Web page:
Development of Empirical Model for the Impact of Motorcycle Front Wheel-Tyre Assembly
Tan, Kean Sheng (2004) Development of Empirical Model for the Impact of Motorcycle Front Wheel-Tyre Assembly. Masters thesis, Universiti Putra Malaysia.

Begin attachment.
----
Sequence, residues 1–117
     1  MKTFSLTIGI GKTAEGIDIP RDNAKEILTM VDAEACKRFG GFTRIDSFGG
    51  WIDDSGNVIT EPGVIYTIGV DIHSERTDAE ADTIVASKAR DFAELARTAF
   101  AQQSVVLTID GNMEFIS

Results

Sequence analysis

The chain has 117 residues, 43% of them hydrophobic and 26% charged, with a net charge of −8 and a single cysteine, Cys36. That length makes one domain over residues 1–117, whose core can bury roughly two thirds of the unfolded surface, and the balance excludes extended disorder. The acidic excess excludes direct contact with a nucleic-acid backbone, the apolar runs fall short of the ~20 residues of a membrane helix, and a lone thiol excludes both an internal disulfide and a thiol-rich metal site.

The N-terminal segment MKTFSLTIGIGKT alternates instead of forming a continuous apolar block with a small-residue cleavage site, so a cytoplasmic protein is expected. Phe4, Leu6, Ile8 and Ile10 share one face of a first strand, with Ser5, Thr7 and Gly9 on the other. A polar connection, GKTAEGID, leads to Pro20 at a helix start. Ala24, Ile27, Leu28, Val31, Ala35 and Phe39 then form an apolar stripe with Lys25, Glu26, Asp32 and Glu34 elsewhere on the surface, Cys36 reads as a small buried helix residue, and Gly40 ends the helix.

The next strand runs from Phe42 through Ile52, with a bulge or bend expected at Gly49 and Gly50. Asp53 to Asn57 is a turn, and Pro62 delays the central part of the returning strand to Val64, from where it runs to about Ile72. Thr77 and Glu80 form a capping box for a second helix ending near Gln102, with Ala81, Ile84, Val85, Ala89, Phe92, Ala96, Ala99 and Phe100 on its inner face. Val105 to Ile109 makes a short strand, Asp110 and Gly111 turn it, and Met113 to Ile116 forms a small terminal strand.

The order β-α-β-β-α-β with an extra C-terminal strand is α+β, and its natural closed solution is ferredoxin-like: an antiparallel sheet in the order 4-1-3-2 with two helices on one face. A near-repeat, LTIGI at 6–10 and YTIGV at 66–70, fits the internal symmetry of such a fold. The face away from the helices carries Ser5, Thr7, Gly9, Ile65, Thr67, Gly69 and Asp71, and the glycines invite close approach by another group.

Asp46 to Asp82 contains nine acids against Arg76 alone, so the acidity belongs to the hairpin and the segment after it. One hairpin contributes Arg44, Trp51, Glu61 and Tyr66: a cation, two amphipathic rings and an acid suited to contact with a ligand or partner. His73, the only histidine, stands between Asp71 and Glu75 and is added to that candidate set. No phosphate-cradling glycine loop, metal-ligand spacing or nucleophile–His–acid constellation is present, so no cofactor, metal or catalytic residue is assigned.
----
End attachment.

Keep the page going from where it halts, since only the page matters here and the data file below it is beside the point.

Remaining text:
In engineering terms, the residual deformation on structural component is correlated to the dissipated energy, the change of momentum, or the change of speed during the impact. Many force-deflection models have been successfully developed for automobiles. However, such engineering model is not well developed for two-wheel motor vehicles due to lack of correlation information between the change of velocity and the structural damage, especially the frontal components such as wheel-tyre assembly which encounter the first and direct impact in frontal collision. The present study has thus been conducted which intended to lay out a route for developing the empirical models for motorcycle front wheel-tyre assembly that can be utilized to assess the impact velocities or change of velocities of a motorcycle in frontal collision based on the post-impact residual deformation of the wheel-tyre assembly. An experimental approach has been adopted for the present study. The test specimens used was the original front wheel-tyre assembly of Malaysia national motorcycle, KRISS 110. The impact tests on motorcycle wheel-tyre assembly have been successfully conducted by employing a pendulum impact test apparatus developed in-house in order to better suit to the experiment requirements. High-speed camera has been used to capture the deformation progress of the wheel-tyre assembly during the impact phase at a rate of 500 frame-per-seconds. Statistical computer program, Minitab Version 13, has been adopted to support the entire experimental process. Five out of eight parameters that are predetermined to be important on impact responses of wheel-tyre assembly have been identified as design factors. These factors are impact speed, impact mass, tyre inflation pressure level, contact geometry of striker, and vertical offset distance of impact location from a wheel axle. A fractional factorial design has been incorporated in the experimental design. Four response variables have been selected, which are, maximum residual crush sustained by the wheel-tyre assembly, normalized area of deformation of the wheel, squared change of velocity of the striker and dissipated impact energy of the wheel-tyre assembly. Regression analysis has been performed in order to yield various possible empirical models in relating dissipated energy to either maximum residual crash or normalized area of deformation. The analysis shows good correlation in which the values of and are greater than 96% for all responses, except that in linear regression for the response , which is about 83%. Factorial analysis has also been performed and the significant factors influencing the impact responses of the wheel-tyre assembly have been identified. The corresponding empirical models for predicting the deformation sustained by the wheel within the experimental design region have also been established. Based on the developed models, dynamic impact characteristics of the wheel-tyre assembly under various impact conditions were discussed.
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